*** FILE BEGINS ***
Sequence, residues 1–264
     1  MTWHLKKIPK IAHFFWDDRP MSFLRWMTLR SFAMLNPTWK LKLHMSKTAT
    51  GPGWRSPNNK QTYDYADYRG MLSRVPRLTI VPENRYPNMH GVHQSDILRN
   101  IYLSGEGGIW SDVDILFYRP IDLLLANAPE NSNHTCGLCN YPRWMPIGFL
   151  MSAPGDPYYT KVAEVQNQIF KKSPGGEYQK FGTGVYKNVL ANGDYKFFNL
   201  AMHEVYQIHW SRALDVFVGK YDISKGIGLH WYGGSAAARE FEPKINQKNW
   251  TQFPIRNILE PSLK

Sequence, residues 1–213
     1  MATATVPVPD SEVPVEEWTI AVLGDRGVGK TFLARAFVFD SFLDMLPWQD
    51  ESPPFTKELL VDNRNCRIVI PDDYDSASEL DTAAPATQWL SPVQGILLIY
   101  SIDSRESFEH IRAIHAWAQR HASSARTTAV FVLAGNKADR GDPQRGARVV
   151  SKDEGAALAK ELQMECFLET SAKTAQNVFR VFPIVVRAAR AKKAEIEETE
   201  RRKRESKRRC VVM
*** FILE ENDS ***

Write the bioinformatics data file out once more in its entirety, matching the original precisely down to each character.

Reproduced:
Sequence, residues 1–264
     1  MTWHLKKIPK IAHFFWDDRP MSFLRWMTLR SFAMLNPTWK LKLHMSKTAT
    51  GPGWRSPNNK QTYDYADYRG MLSRVPRLTI VPENRYPNMH GVHQSDILRN
   101  IYLSGEGGIW SDVDILFYRP IDLLLANAPE NSNHTCGLCN YPRWMPIGFL
   151  MSAPGDPYYT KVAEVQNQIF KKSPGGEYQK FGTGVYKNVL ANGDYKFFNL
   201  AMHEVYQIHW SRALDVFVGK YDISKGIGLH WYGGSAAARE FEPKINQKNW
   251  TQFPIRNILE PSLK

Sequence, residues 1–213
     1  MATATVPVPD SEVPVEEWTI AVLGDRGVGK TFLARAFVFD SFLDMLPWQD
    51  ESPPFTKELL VDNRNCRIVI PDDYDSASEL DTAAPATQWL SPVQGILLIY
   101  SIDSRESFEH IRAIHAWAQR HASSARTTAV FVLAGNKADR GDPQRGARVV
   151  SKDEGAALAK ELQMECFLET SAKTAQNVFR VFPIVVRAAR AKKAEIEETE
   201  RRKRESKRRC VVM